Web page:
It was the end of a long day of wildlife observation at ThunderCroft, and conservation biologist Lori Blanc was ready to go home. But something was standing in her way. “It was just gorging itself on acorns, right between me and my car—a fat black bear,” she remembers. “All it cared about was eating, so I waited.” As the sun started to set, Blanc grew impatient. “They startle easily and prefer not to interact with people, so I clapped loudly from a safe distance. It looked my way, scratched its back against a tree and lumbered off.”
Close encounters with black bears may not be for everyone, but visitors to ThunderCroft appreciate what owner Buck Cox calls “a front-row seat to nature.”
To that end, Cox has invited Blanc to develop various nature-based experiences at ThunderCroft, from short, guided natural history walks to multi-day retreats. Guests will be able to learn about the biodiversity of Appalachia, develop nature observation skills, or contribute to citizen science on ThunderCroft’s eBird and iNaturalist sites.
While the programs are still in the planning stages, guests at either of
ThunderCroft’s two lodges can enjoy views of Brush Mountain and Jefferson National Forest right now. The lodges (one outfitted for overnight stays, the other available as a day-use facility) have balconies and picture windows that offer the possibility of seeing wild turkeys, native songbirds, frogs, toads, and owls, as well as the occasional bear, from a safe yet intimate perch. The property also contains three miles of trails that provide access to Jefferson National Forest.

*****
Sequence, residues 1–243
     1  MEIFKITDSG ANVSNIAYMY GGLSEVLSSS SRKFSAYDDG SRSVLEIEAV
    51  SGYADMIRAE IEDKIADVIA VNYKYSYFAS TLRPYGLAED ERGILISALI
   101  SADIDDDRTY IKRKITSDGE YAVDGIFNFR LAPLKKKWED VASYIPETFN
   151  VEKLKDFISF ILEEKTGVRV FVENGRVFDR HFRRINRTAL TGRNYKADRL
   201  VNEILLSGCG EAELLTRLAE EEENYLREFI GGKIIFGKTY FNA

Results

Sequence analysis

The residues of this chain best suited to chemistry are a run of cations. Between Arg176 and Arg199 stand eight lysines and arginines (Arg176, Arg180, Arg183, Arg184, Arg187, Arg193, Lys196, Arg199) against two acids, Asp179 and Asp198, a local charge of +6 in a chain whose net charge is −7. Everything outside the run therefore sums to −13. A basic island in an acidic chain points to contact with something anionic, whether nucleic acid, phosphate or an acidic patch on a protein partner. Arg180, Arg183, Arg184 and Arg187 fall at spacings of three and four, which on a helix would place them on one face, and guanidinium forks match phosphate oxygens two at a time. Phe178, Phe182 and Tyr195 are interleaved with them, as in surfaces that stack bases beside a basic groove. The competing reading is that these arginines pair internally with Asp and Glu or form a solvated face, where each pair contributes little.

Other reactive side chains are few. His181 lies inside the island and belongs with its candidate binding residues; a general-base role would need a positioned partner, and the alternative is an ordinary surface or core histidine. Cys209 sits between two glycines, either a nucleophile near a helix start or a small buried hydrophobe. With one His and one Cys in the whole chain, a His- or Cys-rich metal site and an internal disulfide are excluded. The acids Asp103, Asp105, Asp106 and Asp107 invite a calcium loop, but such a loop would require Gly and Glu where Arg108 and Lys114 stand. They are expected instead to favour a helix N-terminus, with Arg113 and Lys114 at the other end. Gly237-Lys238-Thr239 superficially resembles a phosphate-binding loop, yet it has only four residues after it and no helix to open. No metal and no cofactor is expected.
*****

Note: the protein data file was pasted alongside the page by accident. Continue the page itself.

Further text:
Protected by an open-space easement with the Virginia Outdoors Foundation (VOF) since 2011, ThunderCroft’s 138 acres are a mix of forest, savannah and meadow that Cox has worked to restore from farm fields since buying the property in 2013. Cox plans to add the 19-acre tract containing the Brush Mountain Lodge to the easement pending VOF approval. ThunderCroft’s varied habitats host around 108 different species of birds.
ThunderCroft also contains a cave, which extends 1,000 feet underneath the property, with its deepest point measuring 80 feet straight down. While it is not open to the public, Thunder Cave is currently available to scientists who are monitoring the presence of endangered and threatened species of isopods and amphipods.
Students from Virginia Tech have also conducted research in the different habitats on the property, on everything from the Eastern Screech Owl to the Blacksburg Salamander. To read more about these projects, see the Science Alliance page on the ThunderCroft website.
“My family and I have been here seven years now, and it’s a dream come true,” Cox says. “We want to continue to improve the habitat as well as showcase examples of sustainable building with the lodging that we offer. The goal is to make ThunderCroft a living example of what could be.”
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